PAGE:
The Progressive Era in the United States occurred from approximately 1890–1920 and was a response to many issues that were seen as problematic in American society. The reforms of the Progressive Era occurred in many areas of life and brought about many changes that are still in effect today.
The Settlement House movement, led by women such as Jane Addams, the founder of Hull House, attempted to help recently arrived immigrants to the United States. The houses attempted to help with things such as learning English and finding jobs and ultimately had the goal of Americanizing immigrants so that they would better adapt to their new environment. There were similar settlement houses set up for African Americans as well.
Housing also became a concern during the Progressive Era. People, such as photographer Jacob Riis, documented the poor conditions of tenement houses in America's cities, often occupied by poor immigrants. These efforts led to new housing standards for safety and cleanliness. Additionally, the Progressive Era also brought about greater public sanitation efforts, including garbage pick up and improved sewage systems.
Another major issue of the time was poor working conditions. Prior to the Progressive Era, workers often worked extremely long hours for low wages, and often faced poor conditions. Child labor was also very common in the United States prior to the Progressive Era. The establishment of labor unions in the United States sought to address issues of safety in the workplace. They also fought for workers to earn higher wages through a minimum wage and receive compensation for workplace injuries. Additionally, laws were passed establishing a minimum age of employment, which led to greater opportunity for children to attend school rather than be forced into working.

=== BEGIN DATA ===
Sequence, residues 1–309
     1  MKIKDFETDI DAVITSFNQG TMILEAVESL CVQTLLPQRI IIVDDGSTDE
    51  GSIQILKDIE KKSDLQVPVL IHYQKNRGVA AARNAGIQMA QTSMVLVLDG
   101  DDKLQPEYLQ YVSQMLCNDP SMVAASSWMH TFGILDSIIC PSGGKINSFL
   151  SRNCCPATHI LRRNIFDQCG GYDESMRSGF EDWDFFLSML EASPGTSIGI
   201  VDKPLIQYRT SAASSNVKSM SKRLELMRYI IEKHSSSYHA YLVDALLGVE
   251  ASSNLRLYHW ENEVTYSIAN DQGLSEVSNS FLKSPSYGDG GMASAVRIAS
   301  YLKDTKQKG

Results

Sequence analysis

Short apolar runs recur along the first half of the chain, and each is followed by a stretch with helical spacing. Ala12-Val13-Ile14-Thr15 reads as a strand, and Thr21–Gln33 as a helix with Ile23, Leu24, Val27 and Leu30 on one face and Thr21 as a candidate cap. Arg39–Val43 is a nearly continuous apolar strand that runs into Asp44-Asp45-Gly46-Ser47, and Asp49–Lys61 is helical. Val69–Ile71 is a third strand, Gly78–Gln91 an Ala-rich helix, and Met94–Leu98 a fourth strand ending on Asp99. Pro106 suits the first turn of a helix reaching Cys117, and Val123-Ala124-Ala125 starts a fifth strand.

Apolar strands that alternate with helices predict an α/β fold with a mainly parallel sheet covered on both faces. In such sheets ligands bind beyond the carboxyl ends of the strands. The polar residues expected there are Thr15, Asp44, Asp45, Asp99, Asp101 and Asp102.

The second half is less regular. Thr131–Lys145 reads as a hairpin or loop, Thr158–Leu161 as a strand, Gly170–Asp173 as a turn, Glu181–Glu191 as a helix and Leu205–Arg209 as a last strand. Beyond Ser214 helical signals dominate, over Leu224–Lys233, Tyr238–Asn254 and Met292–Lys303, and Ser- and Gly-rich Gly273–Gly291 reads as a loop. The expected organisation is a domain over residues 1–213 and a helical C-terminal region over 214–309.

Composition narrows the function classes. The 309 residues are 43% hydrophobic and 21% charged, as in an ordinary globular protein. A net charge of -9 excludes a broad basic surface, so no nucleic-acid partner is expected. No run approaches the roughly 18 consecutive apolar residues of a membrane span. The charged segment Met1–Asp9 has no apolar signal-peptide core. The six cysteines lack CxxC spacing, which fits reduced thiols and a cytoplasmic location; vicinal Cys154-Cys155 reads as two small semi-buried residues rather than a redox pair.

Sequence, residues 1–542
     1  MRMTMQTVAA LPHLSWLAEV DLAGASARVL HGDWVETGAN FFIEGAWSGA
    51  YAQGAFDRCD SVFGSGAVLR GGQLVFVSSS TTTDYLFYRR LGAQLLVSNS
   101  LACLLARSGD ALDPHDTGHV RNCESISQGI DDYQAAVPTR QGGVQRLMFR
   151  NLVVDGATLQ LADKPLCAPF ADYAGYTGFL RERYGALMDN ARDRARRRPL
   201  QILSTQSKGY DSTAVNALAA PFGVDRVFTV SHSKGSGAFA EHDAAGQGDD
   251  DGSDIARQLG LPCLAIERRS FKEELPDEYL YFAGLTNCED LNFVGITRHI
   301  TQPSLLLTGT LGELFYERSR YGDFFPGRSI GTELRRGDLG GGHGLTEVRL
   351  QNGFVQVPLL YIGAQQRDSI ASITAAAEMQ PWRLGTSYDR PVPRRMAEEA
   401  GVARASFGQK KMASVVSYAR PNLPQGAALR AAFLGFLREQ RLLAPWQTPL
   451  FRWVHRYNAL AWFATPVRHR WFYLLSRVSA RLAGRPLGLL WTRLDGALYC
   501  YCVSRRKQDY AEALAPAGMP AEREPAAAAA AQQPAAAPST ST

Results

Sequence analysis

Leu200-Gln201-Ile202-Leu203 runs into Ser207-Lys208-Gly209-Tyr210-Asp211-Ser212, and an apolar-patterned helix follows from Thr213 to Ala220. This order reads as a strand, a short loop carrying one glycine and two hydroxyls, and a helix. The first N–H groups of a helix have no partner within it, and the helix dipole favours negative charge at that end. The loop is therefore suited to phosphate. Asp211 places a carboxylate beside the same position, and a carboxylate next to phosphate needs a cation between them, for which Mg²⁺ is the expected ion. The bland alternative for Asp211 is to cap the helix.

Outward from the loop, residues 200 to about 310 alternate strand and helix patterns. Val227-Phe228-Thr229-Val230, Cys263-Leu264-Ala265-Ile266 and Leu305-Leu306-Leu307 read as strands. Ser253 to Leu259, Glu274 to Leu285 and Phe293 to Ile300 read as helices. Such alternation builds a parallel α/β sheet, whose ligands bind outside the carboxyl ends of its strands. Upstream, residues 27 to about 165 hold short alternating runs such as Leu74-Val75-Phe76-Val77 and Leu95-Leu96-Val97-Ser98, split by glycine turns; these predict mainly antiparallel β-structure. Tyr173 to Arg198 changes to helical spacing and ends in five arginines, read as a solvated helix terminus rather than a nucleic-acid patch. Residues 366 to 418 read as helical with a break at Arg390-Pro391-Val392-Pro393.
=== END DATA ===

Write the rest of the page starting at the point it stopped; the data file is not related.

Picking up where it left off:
There were also laws passed during the Progressive Era which attempted to prevent monopolies from forming with big businesses. Progressives feared the size and power of some big businesses as well as the influence they held within government. They also understood that businesses holding a monopoly over an industry could lead to exploitation of consumers, as they would not have any other option for the services or goods being provided. The result was a trustbusting effort, notably by president Teddy Roosevelt.
Food safety and health issues also became a concern of progressives. With the publishing of Upton Sinclair's The Jungle people were given a look at the poor conditions in America's meat packing facilities. The result was an effort to ensure food was being produced in a clean environment and was up to the standard that it was being sold as. The Meat Inspection Act and the Food and Drug Act addressed these, and similar, issues.
There were also social movements, such as the women's suffrage movement. This movement had gotten its start in the 1800s with women, such as Elizabeth Cady Stanton, but gained steam in the 1900s. In 1920, the Nineteenth-Amendment would be ratified and give women the right to vote.
The temperance movement was similarly a movement that gained support in the 1800s but realized its goal of prohibition in the 1900s. In 1920, the Eighteenth-Amendment would lead to the prohibition of alcohol in the United States. The Eighteenth-Amendment would, however, be short-lived and be repealed through the Twentieth-Amendment in 1933.
These are just some of the reforms made during the Progressive Movement in the United States. It is clear that this movement had a wide range of goals, many of which were realized. The Progressive Era and the impact of many of the reforms made at the time can still be seen in American society today.